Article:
At least five major proteolytic systems (lysosomal, Ca21-dependent, caspase-dependent, ubiquitin-proteasomedependent, and metalloproteinases) operate in the body. Although ubiquitous, the relative importance of each
pathway varies in a given tissue or organ depending on intrinsic and extrinsic factors (ie, health status, genetics,
exercise, dietary habits. . .).
3.2.1 Ca21-Dependent Proteolysis
This pathway is composed of cysteine proteases named calpains. They are ubiquitous (μ and m-calpains) or
tissue-specific enzymes, and are involved in limited proteolytic events. Ubiquitous calpain activities play a role in a
large number of physiological and pathological processes, for example, cell motility by remodeling cytoskeletal
anchorage complexes, control of cell cycle, or apoptosis. In skeletal muscle, calpains are involved in regenerative
processes (for a review see Dargelos et al., 2008). In addition, in muscular dystrophies characterized by an increased
efflux of calcium, calpain expression and activity increased concomitantly with enhanced proteolysis (Alderton and
Steinhardt, 2000; Combaret et al., 1996). Mutations in the capn3 gene coding for the skeletal muscle-specific isoform
of calpain, calpain-3, result in LGMD2A and other calpainopathies (see Ono et al., 2016 for a recent review), and
partial inhibition of calpain-3 leads to disorganization of the sarcomeres (Poussard et al., 1996). Like ubiquitous
calpains, calpain-3 cleaves many cytoskeletal proteins and is involved in cytoskeleton regulation, and adaptive
The Molecular Nutrition of Amino Acids and Proteins.
© 2016 Elsevier Inc. All rights reserved.
3. TISSUE AND ORGAN PROTEIN BREAKDOWN
responses to exercise or regeneration after muscle wasting. A putative role of calpains might be the initial cleavage
of several myofibrillar proteins, making them accessible for further degradation by the ubiquitinÀproteasome pathway (see Section 3.2.3). Calpain activities increased in several tissues (red cells, nervous cells) in aging. Although
little is known on the regulation of this pathway in sarcopenic muscle, calcium homeostasis is modified in skeletal
muscle, so that resting calcium concentrations increased (Fulle et al., 2004; Fraysse et al., 2006). The resulting
enhanced calpain activity may account for myofibrillar degradation.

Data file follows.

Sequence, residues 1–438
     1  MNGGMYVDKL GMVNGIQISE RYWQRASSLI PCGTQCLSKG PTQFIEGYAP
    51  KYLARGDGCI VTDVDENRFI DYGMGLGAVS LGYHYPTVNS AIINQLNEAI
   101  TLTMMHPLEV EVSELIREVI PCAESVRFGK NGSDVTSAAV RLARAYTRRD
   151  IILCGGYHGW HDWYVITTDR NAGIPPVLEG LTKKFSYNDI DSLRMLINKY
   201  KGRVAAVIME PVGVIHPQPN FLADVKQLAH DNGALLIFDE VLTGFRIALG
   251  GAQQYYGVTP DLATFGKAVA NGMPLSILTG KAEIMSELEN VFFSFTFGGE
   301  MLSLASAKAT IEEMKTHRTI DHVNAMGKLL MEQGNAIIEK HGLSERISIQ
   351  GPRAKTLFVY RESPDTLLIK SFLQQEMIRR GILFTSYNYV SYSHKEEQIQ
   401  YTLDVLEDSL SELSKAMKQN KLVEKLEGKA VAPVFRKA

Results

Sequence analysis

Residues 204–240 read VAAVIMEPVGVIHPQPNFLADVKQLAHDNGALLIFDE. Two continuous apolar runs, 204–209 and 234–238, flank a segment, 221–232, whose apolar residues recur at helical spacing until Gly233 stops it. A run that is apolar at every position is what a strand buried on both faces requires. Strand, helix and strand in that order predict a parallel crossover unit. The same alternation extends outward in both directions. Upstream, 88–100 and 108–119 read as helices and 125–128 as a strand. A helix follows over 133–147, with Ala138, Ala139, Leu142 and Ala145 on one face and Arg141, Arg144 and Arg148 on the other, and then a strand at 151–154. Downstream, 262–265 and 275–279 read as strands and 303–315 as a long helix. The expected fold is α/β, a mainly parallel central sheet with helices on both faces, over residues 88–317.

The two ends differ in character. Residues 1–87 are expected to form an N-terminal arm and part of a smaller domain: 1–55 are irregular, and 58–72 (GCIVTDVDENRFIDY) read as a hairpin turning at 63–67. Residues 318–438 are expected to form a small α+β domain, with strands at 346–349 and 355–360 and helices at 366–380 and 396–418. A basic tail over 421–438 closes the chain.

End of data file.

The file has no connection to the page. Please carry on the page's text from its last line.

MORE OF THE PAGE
Caspases are proteases with a well-defined role in apoptosis (see Jin and El-Deiry, 2005 for a complete description of apoptotic pathways and of the regulation of caspases). They are involved in limited proteolysis of
substrates. The role of caspases in muscle proteolysis will be described below as they may participate in the disorganization of the myofibrillar structure of skeletal muscles (see Section 3.3.3). Increased evidence indicates that
caspases play multiple functions outside apoptosis (eg, in inflammation, necroptosis, immunity, tissue
differentiation. . .). For a recent review, see Shalini et al. (2015).
3.2.3 The Ubiquitin-Proteasome System
Basically, there are two main steps in this pathway: (1) the covalent attachment of a polyubiquitin degradation
signal to the substrate by ubiquitination enzymes; and (2) the specific recognition of the polyubiquitin chain and
the subsequent breakdown into peptides of the targeted protein by the 26S proteasome.
Covalent modification of proteins by ubiquitin (Ub) is highly sophisticated and polyvalent. The attachment of
Ub to a substrate can be monomeric, attached in chains using any of the seven internal lysine residues of Ub or
even combined with other Ub-like modifiers (Ravid and Hochstrasser, 2008; Kravtsova-Ivantsiv and Ciechanover,
2012; Ciechanover and Stanhill, 2014). The type of Ub chains built onto proteins is associated with known functions such as targeting the substrate to proteasome-dependent proteolysis (Lys48, Lys11), NFκB activation, DNA
repair or targeting to lysosomes (Lys63), and unknown functions (Lys6, Lys27, Lys29, Lys33) (for review see Ye